Breathing is the heart of yoga

While most of us are aware of the importance of physical exercise and yoga, it is important to know that awareness of breath and synchronising breath and movement is what makes yoga, yoga. Read of the different ways the breath influences your yoga practice, how the breath and mind are closely connected and how this awareness of the breath gives us a tool to work with the mind


Breath and Asana
When focusing on the breath during your asana practice, the control shifts from the brain stem (medulla oblongata) to the cerebral cortex (evolved part of the brain) due to you being aware of the breath. It’s in that moment, when we are aware, the magic starts to happen. The mind will become quieter and a calm awareness arises.
As a result, emotional stress and random thoughts are less likely to occur. So basically the whole system gets a break. The energy, the prana, begins to flow more freely pushing through any emotional and physical blockages and thus freeing the body and mind. Which results in the “feel good” effect after a yoga practice. So we can safely say that breath has an intimate relationship to the overall movement of prana (life energy) throughout the entire body.
In our physical practice breath also has everything to do with our structural alignment and the patterns in which we hold, perceive and move the body. Breath awareness can eliminate joint compression and other imbalances from one’s postures and attitudes. Awareness of breath is also the foundation for flowing seamlessly in movement through an Ashtanga Vinyasa practice.

Breath and Mind
If you have practised serious meditation, you will have noticed that when the breath moves, the mind moves as well. Of course, this works both ways, so as the mind moves, the breath moves too.
The breath gives us a tool with which we can explore the subtler structures of our mental and emotional worlds. When the breath changes, it tells you that something is happening in your mind.
This basically means that the breath gives us a tool with which we can explore the subtler structures of our mental and emotional worlds. When the breath changes, it tells you that something is happening in your mind. When something happens in your mind, like a disturbing thought, for example, your breath will reflect it back to you.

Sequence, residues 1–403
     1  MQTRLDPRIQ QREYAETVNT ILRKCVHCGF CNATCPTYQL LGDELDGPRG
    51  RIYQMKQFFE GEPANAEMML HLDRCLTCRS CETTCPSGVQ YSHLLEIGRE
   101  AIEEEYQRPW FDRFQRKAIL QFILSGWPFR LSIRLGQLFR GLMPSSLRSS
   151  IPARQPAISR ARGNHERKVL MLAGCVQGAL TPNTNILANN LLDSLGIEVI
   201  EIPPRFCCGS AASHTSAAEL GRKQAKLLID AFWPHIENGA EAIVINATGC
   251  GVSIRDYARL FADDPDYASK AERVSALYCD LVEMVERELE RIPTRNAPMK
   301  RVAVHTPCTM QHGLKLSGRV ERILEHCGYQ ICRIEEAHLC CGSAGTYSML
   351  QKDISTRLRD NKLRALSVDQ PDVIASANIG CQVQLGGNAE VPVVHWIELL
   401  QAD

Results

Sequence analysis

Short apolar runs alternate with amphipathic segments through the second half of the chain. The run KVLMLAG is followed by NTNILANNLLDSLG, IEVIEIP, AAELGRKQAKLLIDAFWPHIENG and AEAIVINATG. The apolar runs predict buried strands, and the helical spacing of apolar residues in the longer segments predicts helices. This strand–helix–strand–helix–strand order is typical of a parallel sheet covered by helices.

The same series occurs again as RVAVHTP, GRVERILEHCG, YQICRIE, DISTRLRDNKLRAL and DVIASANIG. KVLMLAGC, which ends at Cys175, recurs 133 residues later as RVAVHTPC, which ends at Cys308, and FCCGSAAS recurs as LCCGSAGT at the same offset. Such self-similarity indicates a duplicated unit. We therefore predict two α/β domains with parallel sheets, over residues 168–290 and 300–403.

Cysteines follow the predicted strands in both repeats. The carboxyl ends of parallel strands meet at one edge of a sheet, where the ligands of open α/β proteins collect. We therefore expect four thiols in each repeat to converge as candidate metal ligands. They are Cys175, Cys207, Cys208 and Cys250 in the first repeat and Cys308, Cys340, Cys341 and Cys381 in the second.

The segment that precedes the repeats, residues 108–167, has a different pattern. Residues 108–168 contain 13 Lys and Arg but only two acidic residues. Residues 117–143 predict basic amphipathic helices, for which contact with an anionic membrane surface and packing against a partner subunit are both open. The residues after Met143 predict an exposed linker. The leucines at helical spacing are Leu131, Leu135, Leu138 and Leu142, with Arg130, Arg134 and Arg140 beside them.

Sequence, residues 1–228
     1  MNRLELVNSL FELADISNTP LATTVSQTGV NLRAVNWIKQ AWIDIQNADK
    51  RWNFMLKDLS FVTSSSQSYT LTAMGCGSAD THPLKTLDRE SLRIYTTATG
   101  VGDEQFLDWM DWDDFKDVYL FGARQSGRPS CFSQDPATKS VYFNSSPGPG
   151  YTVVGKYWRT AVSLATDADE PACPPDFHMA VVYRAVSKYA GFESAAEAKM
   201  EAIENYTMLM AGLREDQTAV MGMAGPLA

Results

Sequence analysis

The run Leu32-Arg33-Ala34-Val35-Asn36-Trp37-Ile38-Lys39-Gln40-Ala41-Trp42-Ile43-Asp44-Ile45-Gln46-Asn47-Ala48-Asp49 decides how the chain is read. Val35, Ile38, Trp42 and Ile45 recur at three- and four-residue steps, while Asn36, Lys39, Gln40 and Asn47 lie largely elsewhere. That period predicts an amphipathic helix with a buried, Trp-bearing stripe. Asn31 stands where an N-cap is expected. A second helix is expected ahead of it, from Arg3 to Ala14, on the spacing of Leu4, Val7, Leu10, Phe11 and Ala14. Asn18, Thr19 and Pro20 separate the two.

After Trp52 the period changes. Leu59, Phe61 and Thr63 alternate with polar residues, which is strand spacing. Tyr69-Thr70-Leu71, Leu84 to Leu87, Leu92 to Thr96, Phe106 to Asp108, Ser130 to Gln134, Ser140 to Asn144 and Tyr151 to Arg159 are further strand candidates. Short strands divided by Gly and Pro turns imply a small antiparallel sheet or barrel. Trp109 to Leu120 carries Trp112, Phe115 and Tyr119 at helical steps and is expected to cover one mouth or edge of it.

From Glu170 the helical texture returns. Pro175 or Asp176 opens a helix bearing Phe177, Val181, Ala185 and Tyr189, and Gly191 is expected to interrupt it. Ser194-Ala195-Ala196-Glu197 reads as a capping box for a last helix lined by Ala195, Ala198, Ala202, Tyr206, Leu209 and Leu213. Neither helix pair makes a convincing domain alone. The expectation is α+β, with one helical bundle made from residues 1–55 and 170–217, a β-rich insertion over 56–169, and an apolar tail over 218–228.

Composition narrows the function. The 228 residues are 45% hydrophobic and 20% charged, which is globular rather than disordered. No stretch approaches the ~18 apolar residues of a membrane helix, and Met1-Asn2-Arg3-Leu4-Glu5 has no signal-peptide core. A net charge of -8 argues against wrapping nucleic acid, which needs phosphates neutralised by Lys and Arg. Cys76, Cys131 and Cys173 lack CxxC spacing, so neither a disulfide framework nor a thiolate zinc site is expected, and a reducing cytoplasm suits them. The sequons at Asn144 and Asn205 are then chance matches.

You will then understand that because the breath and mind are so connected, awareness and mindfulness of breathing can lead to insight into the nature of mind. This leads eventually to freedom from suffering.
Ujjayi breath
Now that the benefits of being aware of the breath within your yoga practice have been made clear, let us talk about the Ujjayi breath.
This pranayama is usually done in association with asana, unlike some of the other forms of pranayama. Ujjayi breath is the type of breath used in a Vinyasa/Ashtanga style of practice. It is the main style of breathing used when you flow and practise the more strenuous poses. When you start to cool down and move more into the relaxing poses, it’s time to let go of this way of breathing and to allow the breath to be more natural. Ujjayi breath is both relaxing and energising. Sometimes you may find yourself spontaneously breathing this way in deep meditation or during deep absorption or concentration.

How to practise the
Ujjayi breath
Close your eyes, imagine looking down the nose, softly smile and begin to lengthen the breath. Next, close the back of the throat a little like you do when you whisper something. You should now feel the flow of air moving through the back of the throat. Keep the mouth closed while you do this. The sound of your breath will be a little like the sound of the wind through the trees.
Listening to the breath allows it to fully flourish. Keep the sound and length of the breath the same on the in and out breath. Practise this type of breathing during your asana class and whenever else you feel like it.